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The War Zone of Donetsk

From April 13 to April 17, 2015, I participated in a press tour to Donbas, the region in eastern Ukraine torn by armed conflict between Ukrainian military forces and local insurgency. The people of Donbas (the region includes the oblasts of Donetsk and Lugansk), rebelled last year against Kyiv’s imposed integration with the European Union and its new, official history and ideology based on extreme and exclusive Ukrainian nationalism.

Donbas has always been a predominantly Russian-speaking region, oriented culturally and integrated economically to Russia. When in February of 2014 the Euromaidan “Revolution” overthrew the elected President Victor Yanukovych, Donbas rejected this overthrow as well as the violence with which it was carried out. Donbas did not recognize itself in this West supported coup-d’état, which was celebrated in the Western and Ukrainian media as a popular revolt against a “corrupted dictator”. Donbas responded with its own protests and demands to hold a referendum on the future of the region. Kyiv answered these legitimate demands by launching an “anti-terrorist” operation against its own people in April 2014.

I saw first-hand these “terrorists” in Donetsk – people who before this fratricidal war were owners of small businesses, miners, university professors, engineers, security service officers, and so on. After Kyiv launched a war against them, they decided that they want to build something different from the oligarchic regime in Kyiv – a new state, free from corruption and nationalism. In Donetsk and in Lugansk, they have created new political entities with emerging governing structures—the Donetsk People’s Republic (DPR) and the Lugansk Peoples Republic.

It is an enormous and difficult task. Ukraine has cut all the supplies to the rebellious region. Russia has not recognized the people’s republics politically, but it does provide them with humanitarian aid. I talked to these courageous people in Donetsk who, in spite of all difficulties, work every day to fulfill their dream. They have created their own banking system, the first old age pensions have been paid as of April 1, students are attending local universities, kids are in public schools, and destroyed infrastructure is being slowly repaired and rebuilt. Resources are scarce, but people of the DPR are doing the best they can under the circumstances.

I talked to elderly women and men living in apartments and houses near the demarcation line of the ceasefire agreement signed in Minsk, Belarus on February 12, 2015. Their homes have been damaged by bombs and shells launched by the Ukrainian army. These are people without the economic means or family connections to move somewhere safer. Those with the means have moved out of Donetsk, either to other regions of Ukraine or to Russia. The city’s population of app. one million is approximately half of what is was before the war. Some are returning, hopeful that the war may be over.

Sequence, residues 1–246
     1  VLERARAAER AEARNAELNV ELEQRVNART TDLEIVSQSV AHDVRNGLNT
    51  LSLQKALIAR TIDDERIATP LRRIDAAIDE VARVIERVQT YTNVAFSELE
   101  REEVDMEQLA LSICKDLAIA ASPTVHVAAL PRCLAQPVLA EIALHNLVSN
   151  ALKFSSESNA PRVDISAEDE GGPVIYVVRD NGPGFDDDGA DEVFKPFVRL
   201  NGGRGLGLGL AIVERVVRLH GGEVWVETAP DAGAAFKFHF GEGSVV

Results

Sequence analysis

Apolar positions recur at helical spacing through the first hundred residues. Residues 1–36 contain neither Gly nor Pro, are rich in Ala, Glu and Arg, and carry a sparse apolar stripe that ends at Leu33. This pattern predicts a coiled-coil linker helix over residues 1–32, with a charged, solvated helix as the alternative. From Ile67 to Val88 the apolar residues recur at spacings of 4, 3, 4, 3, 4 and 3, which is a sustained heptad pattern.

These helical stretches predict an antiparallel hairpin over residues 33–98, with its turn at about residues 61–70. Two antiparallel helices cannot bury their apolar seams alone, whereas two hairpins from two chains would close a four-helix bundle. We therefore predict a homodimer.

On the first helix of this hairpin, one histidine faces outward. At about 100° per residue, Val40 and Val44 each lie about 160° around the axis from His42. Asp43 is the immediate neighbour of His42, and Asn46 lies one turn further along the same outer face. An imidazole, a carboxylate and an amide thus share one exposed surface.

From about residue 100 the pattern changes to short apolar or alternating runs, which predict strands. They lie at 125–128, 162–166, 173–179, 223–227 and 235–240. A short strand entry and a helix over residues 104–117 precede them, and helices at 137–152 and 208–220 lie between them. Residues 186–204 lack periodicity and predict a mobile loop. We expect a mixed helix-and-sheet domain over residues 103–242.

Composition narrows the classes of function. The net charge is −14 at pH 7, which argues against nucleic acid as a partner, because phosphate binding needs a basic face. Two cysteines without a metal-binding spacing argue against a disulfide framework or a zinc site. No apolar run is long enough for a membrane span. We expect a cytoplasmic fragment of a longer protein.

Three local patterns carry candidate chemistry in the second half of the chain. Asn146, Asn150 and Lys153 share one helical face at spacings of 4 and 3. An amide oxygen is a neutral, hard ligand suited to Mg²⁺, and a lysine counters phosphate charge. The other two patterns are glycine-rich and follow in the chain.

Donbas is trying to return to normal life. However, there are reminders all over the city that the war could return any time. Military guards are stationed at all important administrative buildings. A curfew is maintained from 11 pm to 6 am. Our press tour was accompanied everywhere by three deputies of the parliament of Novorossyia and two members of the local self-defense forces.

They took us to several of the western outskirts of Donetsk near the demarcation line that are damaged by bombings of the Ukrainian army. I was looking at the empty windows of a school, blasted out by shelling, probably last summer when the fighting was at its height. In the school yard, my travel colleagues were picking up splinters of shells. I felt a deep sorrow. I thought to myself: here I am standing at the graveyard of Ukraine as I have known it.

There is no going back. Donbas does not want to be a part of a Ukraine which celebrates the Ukrainian nationalists who collaborated with Nazi Germany during World War Two and against whom the Soviet Army fought. Donbas opposes the neo-liberal capitalism which is destroying Ukrainian industry and agriculture. Donbas would return to a federalized Ukraine, but only if the Kyiv government would undergo what Donbas people call “de-nazification”. Sadly, this is very unlikely to happen. A civilized divorce is the best solution for this armed conflict.

Canada is providing military support to Kyiv. Canada should instead remember its expertise as a peacekeeper and negotiator and put pressure on Kyiv to fulfill the obligations which it undertook when it signed the ceasefire agreement in Minsk, on February 12, 2015, along with the representatives of Lugansk and Donetsk.

Halyna Mokrushyna has written frequently during the past year about the war in eastern Ukraine. Watch for her forthcoming articles on her journey to Donetsk, eastern Ukraine in April 2015. You can find all of her articles on the website of NewColdWar.org. She can be reached at halouwins@gmail.com.

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Halyna Mokrushyna, Ph.D., is an independent researcher and journalist. Her research interests include the challenges of the post-Soviet transition in Ukraine; social and economic inequality in the post-Soviet context; historical and cultural divisions within Ukraine; social memory and politics of memory; relations between Russia and Canada and the broader context of the post-cold war world and relations between the East and the West. Her articles on these subjects were published on Counterpunch, Truthdig, and Truthout websites.

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